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Communication Strategies

Florida Coordinating Council for the Deaf and Hard of Hearing

Basic Communication Principles

  • Communication with a deaf, hard-of-hearing, late-deafened or deaf-blind person involves sensitivity, common sense and courtesy.
  • Effective communication is a joint responsibility of the hearing person and the deaf, hard-of-hearing or late-deafened person.
  • Always feel free to ask, "What can I do to make it easier for the two of us to communicate?"
  • There are many ways to communicate; the situation determines the difference.

Modified from "Deaf & Hearing People: Working Together," National Technical Institute for the Deaf Center, Center on Employment.

Communication Strategies

Guidelines for a Hearing Person when Communicating with a Hard-of-Hearing Person

  • Do get the person's attention before you speak.
  • Avoid noisy background situations.
  • Be sure that your face can be clearly seen.  Do not put obstacles in front of your face.
  • Do not have objects in your mouth such as gum, cigarettes, or food when speaking.
  • Speak clearly and at a moderate pace.
  • Be sure that light sources (windows and artificial lighting) are on your face and not behind your head.
  • Use facial expressions and gestures that will help your listener to better understand.
  • Give clues when changing the subject.  It's easier for a person to lip/speechread you if he or she knows what the topic is.
  • Let your listener know if and when the topic changes.
  • Rephrase instead of repeating when you are not understood.
  • Do not shout; shouting distorts speech and makes speechreading more difficult.
  • Talk to a hard of hearing person, not about him or her.
  • When in doubt, ask the hard of hearing person for suggestions to improve communication.
  • Be patient, positive, and relaxed.

Modified from guidelines contained in Manual for Mental Health Professionals, Part II, Psycho-Social Challenges Faced by Hard of Hearing People, Samuel Trychin, Ph.D., published in 1991.

Guidelines for Communicating with a Person Who Uses Sign Language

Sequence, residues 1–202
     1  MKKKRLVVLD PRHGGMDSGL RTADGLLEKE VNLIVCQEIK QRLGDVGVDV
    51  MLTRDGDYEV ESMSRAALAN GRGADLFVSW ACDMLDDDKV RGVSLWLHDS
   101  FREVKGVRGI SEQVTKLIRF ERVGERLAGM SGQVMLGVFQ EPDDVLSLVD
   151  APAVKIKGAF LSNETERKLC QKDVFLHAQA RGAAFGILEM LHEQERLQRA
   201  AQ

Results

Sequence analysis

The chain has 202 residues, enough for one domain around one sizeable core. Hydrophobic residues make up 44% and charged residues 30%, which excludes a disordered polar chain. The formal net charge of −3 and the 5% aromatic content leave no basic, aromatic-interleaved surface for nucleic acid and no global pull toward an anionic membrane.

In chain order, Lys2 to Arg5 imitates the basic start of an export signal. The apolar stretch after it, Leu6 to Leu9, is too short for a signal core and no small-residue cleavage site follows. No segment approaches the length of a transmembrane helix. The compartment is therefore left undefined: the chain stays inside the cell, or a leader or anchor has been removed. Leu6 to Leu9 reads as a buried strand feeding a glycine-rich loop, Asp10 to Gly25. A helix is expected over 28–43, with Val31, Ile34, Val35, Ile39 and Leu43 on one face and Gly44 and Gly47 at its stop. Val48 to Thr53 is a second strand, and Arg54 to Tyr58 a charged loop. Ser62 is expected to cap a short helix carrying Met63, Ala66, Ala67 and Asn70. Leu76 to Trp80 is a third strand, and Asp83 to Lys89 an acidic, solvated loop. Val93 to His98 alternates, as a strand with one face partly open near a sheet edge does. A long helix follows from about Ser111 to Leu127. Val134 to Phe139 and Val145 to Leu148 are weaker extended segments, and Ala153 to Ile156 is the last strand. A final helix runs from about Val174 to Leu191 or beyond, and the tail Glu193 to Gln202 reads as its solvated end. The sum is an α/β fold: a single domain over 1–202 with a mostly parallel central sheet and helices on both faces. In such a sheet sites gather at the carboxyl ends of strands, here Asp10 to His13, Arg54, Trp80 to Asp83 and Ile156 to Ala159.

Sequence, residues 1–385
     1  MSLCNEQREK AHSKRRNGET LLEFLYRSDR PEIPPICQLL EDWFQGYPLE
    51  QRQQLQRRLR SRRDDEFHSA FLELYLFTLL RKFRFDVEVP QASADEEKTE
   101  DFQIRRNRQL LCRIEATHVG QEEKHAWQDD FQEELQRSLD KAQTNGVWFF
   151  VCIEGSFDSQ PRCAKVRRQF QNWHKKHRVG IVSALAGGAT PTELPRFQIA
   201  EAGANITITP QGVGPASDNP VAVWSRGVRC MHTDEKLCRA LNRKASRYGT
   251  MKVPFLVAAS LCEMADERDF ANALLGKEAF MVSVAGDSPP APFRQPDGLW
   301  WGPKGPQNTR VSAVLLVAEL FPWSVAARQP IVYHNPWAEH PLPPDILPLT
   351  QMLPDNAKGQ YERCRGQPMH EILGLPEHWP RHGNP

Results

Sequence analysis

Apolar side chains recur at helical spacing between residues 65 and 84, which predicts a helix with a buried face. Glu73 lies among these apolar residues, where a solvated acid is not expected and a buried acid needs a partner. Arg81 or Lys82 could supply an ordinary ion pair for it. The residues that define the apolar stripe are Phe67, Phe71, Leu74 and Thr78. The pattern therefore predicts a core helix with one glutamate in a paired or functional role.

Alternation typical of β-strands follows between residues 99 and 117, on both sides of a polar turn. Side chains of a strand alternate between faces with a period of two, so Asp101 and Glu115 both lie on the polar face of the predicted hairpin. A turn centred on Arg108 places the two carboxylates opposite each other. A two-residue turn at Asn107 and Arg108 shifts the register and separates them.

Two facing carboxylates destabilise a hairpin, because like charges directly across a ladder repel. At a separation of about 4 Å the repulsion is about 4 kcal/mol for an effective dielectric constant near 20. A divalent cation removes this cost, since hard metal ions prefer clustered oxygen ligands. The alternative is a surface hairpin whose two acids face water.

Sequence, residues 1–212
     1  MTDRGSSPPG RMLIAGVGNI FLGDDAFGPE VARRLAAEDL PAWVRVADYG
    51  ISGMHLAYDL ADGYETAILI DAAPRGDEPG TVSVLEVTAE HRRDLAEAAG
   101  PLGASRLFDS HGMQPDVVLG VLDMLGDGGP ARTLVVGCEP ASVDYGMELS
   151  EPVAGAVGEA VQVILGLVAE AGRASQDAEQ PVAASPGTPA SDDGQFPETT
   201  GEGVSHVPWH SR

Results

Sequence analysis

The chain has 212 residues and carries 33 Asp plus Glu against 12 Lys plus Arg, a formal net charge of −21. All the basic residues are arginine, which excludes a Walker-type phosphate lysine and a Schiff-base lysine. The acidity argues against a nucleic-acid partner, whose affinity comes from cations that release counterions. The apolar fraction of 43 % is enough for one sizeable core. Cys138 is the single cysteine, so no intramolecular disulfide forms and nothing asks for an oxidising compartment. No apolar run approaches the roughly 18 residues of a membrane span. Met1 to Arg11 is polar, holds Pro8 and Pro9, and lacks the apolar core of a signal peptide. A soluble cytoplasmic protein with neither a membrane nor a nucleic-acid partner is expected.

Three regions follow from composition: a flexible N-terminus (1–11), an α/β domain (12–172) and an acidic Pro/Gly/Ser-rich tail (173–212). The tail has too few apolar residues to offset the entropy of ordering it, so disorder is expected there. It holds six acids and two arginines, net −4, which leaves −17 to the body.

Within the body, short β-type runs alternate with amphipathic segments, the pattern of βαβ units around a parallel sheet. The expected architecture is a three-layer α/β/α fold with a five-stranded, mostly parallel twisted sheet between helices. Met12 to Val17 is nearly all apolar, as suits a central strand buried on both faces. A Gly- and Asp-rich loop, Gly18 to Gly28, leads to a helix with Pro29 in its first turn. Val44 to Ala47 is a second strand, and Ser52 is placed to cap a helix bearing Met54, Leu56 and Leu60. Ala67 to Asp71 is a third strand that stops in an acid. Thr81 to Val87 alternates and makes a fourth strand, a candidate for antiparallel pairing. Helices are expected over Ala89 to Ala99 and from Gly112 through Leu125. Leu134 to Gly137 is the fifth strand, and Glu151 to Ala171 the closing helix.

• To get the deaf or late-deafened person's attention, try a gentle tap on the shoulder; a wave or flashing the lights; or a stomp on the floor or a hand slap to a table.
  • While waiting for the interpreter to show up, have a paper and pen ready for simple English questions that can be answered with more than a yes or no.  Open-ended questions that solicit more than a yes or no answer will give you an idea of how much the deaf person understands.  Don't attempt to get consent from the deaf person until the interpreter is present.
  • When asking a yes-or-no question, do not assume that when the deaf or late-deafened person nods his/her head it is affirmation or understanding.  Nodding of the head often means confirmation that the message is being received or is courtesy and nothing more.  There is a very specific sign that is used to indicate Yes or No.
  • If you know basic sign language and fingerspelling, use it for simple things.  If you don't know, use natural gestures, mime and facial expressions (i.e. drink, eat).  It is important to realize that the ability to interpret is much more than knowing how to sign. If you have taken one or more sign language classes, that does not mean you can replace the interpreter.  Until you have taken and passed the performance tests given through the Florida Registry of Interpreters for the Deaf (FRID) or the National Registry of Interpreters for the Deaf (RID), you are not qualified to interpret.
  • When the Interpreter is present, talk directly to the deaf person, not the interpreter.  Do not say, "Tell her..." or "Ask him..."
  • Be courteous to the person during conversation.  If the phone rings or someone knocks at the door, let the person know that you are responding to the phone or door.
  • Maintaining eye contact with a deaf person is vital when communicating.  It is considered rude carrying on a conversation without eye contact.
  • When you are speaking to a deaf person through an interpreter, everything you say will be interpreted.  It is the interpreter's job to communicate everything to the deaf person.

Modified from "TIPS for Communicating with Deaf Employees," National Technical Institute for the Deaf Center, Center on Employment.

Guidelines for Communicating with a Deaf-Blind Person

  • If the person is hard of hearing and communicates in spoken language, use the same tips offered for communicating with hard-of-hearing people.  Keep close so the deaf-blind person can see the speaker's face.
  • If the person is deaf and uses sign language, use the same tips offered for communicating with a deaf person that uses sign language.  Check to see if the person uses sign language close up or uses tactile (hand-over-hand) communication.  Call an interpreter and notify the agency/interpreter that the person is deaf-blind and which mode of communication is needed (visual sign language or tactile sign language.)
  • When approaching or walking with deaf-blind persons, offer an elbow and use it to guide them.  Never push or pull them along.
  • Do not leave deaf-blind persons alone in an open space.  If you need to leave them alone for a few minutes, escort them to a safe place (for example, a chair near the wall.)  Let them know why you are doing this.
  • If using a paper and pen to communicate, use readable big print.
  • If the person has Usher's Syndrome or Retinitis Pegmentosa, make sure the lighting is good and without glare.

Modified from "Tips for Communication with a Deaf-Blind Patient," Center for Heal Care Access, a service of League for the Hard of Hearing.